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Carolyn Thurston has heard many lawmakers say they want to help “narrow the racial wealth gap” with policies that build “generational wealth.”
If lawmakers actually want to achieve those goals, Thurston says, they must abandon the Protecting the Right to Organize Act, or PRO Act. Two of the bill’s provisions — the ABC Test and joint-employer standard — would be a double whammy against franchising, the very business model that is helping her to build generational wealth for the first time in her family’s history.
“That’s going to be the biggest hurt if this PRO Act comes through,” Thurston says. “The people who will be affected are right here, the women and people of color.”
Thurston, who is Black, spent years working as a nurse before starting her own Wisdom Senior Care business. She became so respected that, when her home state of North Carolina started requiring classes to teach the regulations for running a home-care company, she was chosen as an instructor. Thurston helped hundreds of people get their licenses, and realized that while many understood how to care for people, most didn’t understand how to run a business.
That’s why, in 2017, she started offering Wisdom Senior Care franchises. As with any franchising model, hers provides a blueprint franchisees can follow to achieve business success.
“Our very first franchisee was a couple who are from China. Our second one is two Black gentlemen. We also have franchisees that are single mothers, Black women who own their own businesses now. We have veterans,” she says. “In franchising, there are more people of color that have successful businesses than those that are not in franchising. You have more support systems around you.”
That’s true with all types of franchising, according to the International Franchise Association. The IFA wrote to Congress in March 2021, explaining how the PRO Act would disproportionately harm minority communities: While only 18% of non-franchise businesses are minority-owned, more than 30% of franchises are minority-owned.
“If you want to be about equal opportunity, it’s going to cause a lot of people not to participate in that wealth creation,” Thurston says of the PRO Act. “It will prevent that—especially people who are women or Black. They will now have more things that they have to overcome.”
Having a lot of things to overcome is something Ajay Patel knows all about. He emigrated to the United States from India in 1978, when he was 18 years old. Patel ended up in Lafayette, Louisiana, where the only place that would give him a job was McDonald’s. He worked in the kitchen, earning money to pay for college while figuring out how to communicate with all the Americans around him.
“I learned most of my English at McDonald’s, not at school,” he says. “I was making minimum wage, and I had to work as much as possible to get the $445 to pay tuition for the next semester.”
After five and a half years, Patel graduated with a degree in business management. By 1984, he was manager at the McDonald’s. About 18 months after that, he was managing two locations. A year or two later, it was three. Then, it was five. In the early 1990s, his wife and her family helped him get the financing to add to his own savings and buy a McDonald’s franchise of his own. “When we bought that, I had about $480 left in my bank account,” Patel says.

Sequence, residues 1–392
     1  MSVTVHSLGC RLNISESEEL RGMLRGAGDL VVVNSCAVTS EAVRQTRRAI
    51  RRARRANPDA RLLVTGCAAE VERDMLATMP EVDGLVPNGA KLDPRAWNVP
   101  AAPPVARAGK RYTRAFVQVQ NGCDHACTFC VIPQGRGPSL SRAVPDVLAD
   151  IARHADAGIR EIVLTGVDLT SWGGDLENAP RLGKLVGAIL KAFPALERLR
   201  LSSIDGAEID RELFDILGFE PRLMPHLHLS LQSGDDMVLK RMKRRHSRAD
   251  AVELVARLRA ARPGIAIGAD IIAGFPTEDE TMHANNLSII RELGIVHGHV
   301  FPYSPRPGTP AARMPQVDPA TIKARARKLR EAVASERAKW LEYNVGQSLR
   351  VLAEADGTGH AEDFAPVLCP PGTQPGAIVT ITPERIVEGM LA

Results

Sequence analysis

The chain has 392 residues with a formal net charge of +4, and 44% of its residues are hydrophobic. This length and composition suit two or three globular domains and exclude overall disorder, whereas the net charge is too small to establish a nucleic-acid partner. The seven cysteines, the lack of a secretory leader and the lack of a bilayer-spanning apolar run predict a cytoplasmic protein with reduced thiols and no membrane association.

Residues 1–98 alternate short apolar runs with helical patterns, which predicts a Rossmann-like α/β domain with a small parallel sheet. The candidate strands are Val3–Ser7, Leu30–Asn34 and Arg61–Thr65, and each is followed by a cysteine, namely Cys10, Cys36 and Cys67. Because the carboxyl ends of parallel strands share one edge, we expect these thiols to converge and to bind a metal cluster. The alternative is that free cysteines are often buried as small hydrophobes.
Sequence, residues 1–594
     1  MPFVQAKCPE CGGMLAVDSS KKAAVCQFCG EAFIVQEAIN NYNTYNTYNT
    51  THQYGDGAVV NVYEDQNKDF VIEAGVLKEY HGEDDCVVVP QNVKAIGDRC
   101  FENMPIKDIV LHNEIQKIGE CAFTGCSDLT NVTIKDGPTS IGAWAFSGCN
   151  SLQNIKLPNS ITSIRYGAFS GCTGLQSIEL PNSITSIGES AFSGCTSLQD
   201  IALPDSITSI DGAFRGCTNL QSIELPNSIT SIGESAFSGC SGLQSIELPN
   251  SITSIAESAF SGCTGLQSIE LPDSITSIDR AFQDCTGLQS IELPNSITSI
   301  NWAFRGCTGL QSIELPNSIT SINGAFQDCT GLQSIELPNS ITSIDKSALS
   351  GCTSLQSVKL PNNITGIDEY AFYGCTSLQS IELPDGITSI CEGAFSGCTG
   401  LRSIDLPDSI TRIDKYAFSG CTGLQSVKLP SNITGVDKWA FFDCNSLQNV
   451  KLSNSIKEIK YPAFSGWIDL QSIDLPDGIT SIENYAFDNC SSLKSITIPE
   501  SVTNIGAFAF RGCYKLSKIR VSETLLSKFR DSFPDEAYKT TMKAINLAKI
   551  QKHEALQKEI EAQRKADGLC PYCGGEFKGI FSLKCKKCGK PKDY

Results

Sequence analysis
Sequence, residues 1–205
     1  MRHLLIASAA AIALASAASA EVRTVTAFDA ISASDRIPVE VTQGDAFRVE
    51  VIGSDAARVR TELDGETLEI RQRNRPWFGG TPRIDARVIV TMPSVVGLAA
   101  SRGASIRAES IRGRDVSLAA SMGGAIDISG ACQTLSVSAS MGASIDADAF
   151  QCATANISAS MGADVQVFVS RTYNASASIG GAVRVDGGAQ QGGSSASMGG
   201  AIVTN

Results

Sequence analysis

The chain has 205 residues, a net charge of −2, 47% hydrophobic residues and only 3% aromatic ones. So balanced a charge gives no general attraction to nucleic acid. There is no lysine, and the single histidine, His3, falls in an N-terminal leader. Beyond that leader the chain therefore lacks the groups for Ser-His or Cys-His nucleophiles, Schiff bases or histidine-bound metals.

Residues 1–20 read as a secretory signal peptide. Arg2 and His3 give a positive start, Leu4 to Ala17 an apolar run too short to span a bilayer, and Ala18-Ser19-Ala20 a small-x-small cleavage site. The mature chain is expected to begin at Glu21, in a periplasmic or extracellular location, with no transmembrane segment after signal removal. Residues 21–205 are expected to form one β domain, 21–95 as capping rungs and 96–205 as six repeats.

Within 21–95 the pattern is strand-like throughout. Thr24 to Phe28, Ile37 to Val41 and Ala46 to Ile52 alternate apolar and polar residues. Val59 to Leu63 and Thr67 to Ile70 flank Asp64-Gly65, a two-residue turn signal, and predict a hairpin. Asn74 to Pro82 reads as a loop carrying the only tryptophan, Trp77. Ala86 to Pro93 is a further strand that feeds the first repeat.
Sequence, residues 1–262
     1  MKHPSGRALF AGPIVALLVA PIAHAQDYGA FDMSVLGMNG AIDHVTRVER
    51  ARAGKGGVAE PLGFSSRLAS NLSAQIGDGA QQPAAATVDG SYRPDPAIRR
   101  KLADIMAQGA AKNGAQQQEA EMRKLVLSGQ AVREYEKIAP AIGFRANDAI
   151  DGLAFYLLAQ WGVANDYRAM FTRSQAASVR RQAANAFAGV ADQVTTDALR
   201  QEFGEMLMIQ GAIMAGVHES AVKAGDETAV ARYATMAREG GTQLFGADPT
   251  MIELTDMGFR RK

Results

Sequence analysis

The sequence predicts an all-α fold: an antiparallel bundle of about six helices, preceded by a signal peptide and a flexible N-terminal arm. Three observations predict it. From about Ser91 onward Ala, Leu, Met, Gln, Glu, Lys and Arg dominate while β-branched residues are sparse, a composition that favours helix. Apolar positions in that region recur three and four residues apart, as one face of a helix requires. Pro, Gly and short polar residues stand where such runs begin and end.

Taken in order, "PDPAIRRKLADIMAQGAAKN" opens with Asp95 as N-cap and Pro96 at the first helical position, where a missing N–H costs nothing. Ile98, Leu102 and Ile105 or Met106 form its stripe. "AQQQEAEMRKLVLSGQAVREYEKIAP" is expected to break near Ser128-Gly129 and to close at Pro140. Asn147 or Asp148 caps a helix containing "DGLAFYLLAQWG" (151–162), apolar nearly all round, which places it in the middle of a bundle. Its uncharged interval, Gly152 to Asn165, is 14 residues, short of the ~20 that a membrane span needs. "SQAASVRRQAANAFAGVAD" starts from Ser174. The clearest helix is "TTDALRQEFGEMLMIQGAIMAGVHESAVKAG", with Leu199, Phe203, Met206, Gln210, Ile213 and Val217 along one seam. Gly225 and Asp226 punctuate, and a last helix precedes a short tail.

A little more than a year later, Patel sold that franchise at a $400,000 profit. He reinvested and bought three other McDonald’s franchises, which he built into even more franchising success while raising three sons.
“The oldest went to NYU, the middle son went to LSU, and my youngest went to the same school I did, in Lafayette — I had always told them to work two days a week at a McDonald’s, wherever they were,” Patel says. “I wanted them to learn the value of money, to learn ethics, to learn how to work with others and have relationships.”
Today, Patel and his three sons together own 35 McDonald’s franchises, showing how the creation of generational wealth through franchising changes the course of entire families’ lives.
Ricky Patel is the middle son, now 27 years old, and a McDonald’s franchise owner since 2018. He says that if not for his father’s experience, he likely wouldn’t have imagined that franchise ownership could be a possibility for him. “Franchises are predominantly Caucasian-owned,” Ricky says. “That would have been one thing that would have made it more difficult to grasp the idea.”
Mikesh Patel, the youngest of Patel’s sons, became a McDonald’s franchise owner this year at age 25.
“Franchising is the ability to create generational wealth,” Mikesh says. “It would not be possible without franchising being the way it is.”
Thurston says the same is true for Black families like hers, with franchising providing opportunities that otherwise would not exist. She sees the PRO Act as a danger not only to her future, but also her children’s and grandchildren’s futures. The bill would kneecap her just as she’s starting to create wealth that she can pass on to the next generations, so they can build from it.
“Franchising can help us get on an equal playing field,” Thurston says. “No one is asking for anything to be given. We just want the same opportunities, and this bill would destroy that path.”